The 3rd of May, 2019 was a groundbreaking day for the Dublin School of Architecture. All classes were suspended while an eccentric vibe of enthusiasm was palpable throughout school corridors. Studio projects were put aside for a greater cause: a new climate change agenda.
Students and staff of the TU Dublin School of Architecture gathered together over some pizza and coffee (sustainable cups only!) to discuss the ways in which the DSA can address climate change and redesign its teaching programme towards one that places an emphasis on a responsible and sustainable design approach.
Climate change is here. Now more than ever, the pressure is on architects to lead the change in sustainable thinking. While the nZeb requirements for 2020, alongside the UN’s Sustainable Development Goals for 2030, are important vehicles in these changes, it is a change in mindset – both of professionals and society – that can have the greatest impact. Architectural education is a medium through which this thinking can be altered, and actions propagated. The DSA is about to undergo a major shift and adopt a responsible approach to how it schools its students.
The workshops kicked-off with great energy and enthusiasm, with exciting ideas emerging from all years. The questions posed to both students and staff were focused on the architect’s responsibility to society and the environmental challenges of now and of the future, as well as topics within the discipline that could be incorporated into design studio; aiding graduates in being more responsible and better able to tackle climate change. These questions sparked a number of interesting debates on how this could be achieved.
First-year lecturers and students reinforced the feeling that architectural design studio must establish a strong foundation for students, focusing on the development of skills, critical thinking, and ethics. They raised issues around ‘reuse and repurpose’ i.e. using what we already have in our environment, instead of always reaching for the new. Reuse is fundamental to any sustainable approach; be it from entire buildings or sites, down to the materials they consist of. This theme may also allow influence related issues of densification, modern commuting, ways of living, and sustainable construction. Suggesting a careful and critical examination of existing buildings and places, through studying and drawing, can encourage alternative approaches to architectural design, one based on reusing/reviving/repurposing our existing building stock.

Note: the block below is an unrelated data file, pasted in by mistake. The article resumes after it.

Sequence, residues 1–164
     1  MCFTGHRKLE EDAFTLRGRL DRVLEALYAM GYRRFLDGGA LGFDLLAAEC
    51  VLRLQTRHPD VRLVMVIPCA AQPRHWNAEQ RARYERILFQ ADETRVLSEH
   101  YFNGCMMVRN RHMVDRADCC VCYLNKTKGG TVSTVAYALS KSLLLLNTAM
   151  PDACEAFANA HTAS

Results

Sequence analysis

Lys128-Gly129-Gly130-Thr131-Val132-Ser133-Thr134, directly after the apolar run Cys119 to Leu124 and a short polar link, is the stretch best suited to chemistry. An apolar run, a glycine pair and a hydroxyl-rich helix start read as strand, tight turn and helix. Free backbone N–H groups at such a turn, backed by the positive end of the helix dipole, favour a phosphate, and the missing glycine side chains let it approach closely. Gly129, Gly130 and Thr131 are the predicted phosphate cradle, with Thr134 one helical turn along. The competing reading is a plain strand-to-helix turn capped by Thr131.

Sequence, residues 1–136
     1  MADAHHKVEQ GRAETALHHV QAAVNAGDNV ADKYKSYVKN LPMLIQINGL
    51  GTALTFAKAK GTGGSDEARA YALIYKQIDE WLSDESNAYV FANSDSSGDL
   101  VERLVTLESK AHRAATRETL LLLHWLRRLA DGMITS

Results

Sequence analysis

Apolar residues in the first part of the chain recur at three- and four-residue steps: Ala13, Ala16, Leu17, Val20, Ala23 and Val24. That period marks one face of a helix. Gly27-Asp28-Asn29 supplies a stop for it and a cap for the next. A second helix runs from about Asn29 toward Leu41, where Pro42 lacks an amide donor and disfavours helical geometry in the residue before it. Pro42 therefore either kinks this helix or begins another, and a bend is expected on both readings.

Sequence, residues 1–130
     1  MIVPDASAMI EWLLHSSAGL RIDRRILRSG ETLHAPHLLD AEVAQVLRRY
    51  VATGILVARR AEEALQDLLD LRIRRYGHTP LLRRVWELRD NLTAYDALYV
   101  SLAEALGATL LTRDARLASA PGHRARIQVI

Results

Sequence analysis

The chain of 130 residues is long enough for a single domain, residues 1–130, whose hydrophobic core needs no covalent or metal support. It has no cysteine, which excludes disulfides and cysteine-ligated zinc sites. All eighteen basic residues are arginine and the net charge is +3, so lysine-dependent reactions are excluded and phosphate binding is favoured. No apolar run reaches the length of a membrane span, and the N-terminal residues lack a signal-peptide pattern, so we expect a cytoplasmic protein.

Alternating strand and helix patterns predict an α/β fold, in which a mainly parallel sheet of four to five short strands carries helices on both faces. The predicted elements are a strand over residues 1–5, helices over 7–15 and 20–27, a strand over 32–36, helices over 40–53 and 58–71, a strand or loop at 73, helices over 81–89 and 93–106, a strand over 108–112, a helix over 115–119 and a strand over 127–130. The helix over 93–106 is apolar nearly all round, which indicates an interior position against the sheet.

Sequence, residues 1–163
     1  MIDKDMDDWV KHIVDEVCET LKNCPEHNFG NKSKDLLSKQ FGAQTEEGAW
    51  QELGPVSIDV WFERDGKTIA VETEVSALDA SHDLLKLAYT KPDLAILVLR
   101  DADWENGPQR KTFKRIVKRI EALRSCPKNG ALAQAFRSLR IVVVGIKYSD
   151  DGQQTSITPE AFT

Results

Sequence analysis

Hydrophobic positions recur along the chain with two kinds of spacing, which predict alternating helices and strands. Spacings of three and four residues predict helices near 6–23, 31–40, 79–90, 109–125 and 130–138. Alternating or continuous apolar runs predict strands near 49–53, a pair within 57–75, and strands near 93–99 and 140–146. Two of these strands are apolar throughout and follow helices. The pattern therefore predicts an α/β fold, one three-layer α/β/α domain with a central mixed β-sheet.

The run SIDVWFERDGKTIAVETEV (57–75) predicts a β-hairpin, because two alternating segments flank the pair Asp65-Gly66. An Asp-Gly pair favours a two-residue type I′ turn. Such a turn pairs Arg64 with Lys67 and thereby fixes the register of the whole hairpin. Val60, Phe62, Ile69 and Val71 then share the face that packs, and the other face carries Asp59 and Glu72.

Second- and third-year students touched upon holistic master planning, upcycling waste materials, biodiversity/site richness, social resilience and social sustainability, green construction technology and vertical projects.
Fourth-year students delved into the topic of legislative changes, designing reformative systems in politics, economy, and architectural education. Many recognised the issue that students will prioritise whatever academia recognise as being important, and that students will incorporate stronger, more daring ideas on sustainability if staff demand it and grade accordingly. Students recognised that sustainability initiatives are often left aside for the sake of design aesthetics, not just academically but equally in the profession as a whole.
‘There should be a defined school stance. The only way to build is sustainable. Students shouldn’t be able to make exception to being sustainable in the drive for aesthetics. Similarly, we shouldn’t praise and reference projects that don’t consider the environmental impact.’
Fifth-year thesis students concluded that we must set our own individual climate agendas and targets within each design studio brief. We must look at efficient use of typologies, spaces, and hybrid-programmes through site analysis – sustainability is not just reuse and recycle. We must adopt a cradle-to-cradle design, consider sustainable disassembly, use of local materials, the wider contextual impact, and how our projects can give back to the community.
Changing mind-sets and attitudes towards climate change was a core objective throughout the entirety of the event. To quote Dorte Mandrup, speaking at the IAF New Now Next lecture series: ‘we can read, write and talk about sustainability, but we can change very little in our environments as long as our clients and society are not thinking sustainably.’
This workshop will define the next academic year for the Dublin School of Architecture, demanding that it stands firm in leading the change in architectural education across Ireland. The response to climate change debated at the event will have a major say in adopting a sustainability approach across all teaching modules and school management.
DSA has allowed its students to speak and will now represent their call to provide a robust foundation for a more socially and resourcefully responsible architecture.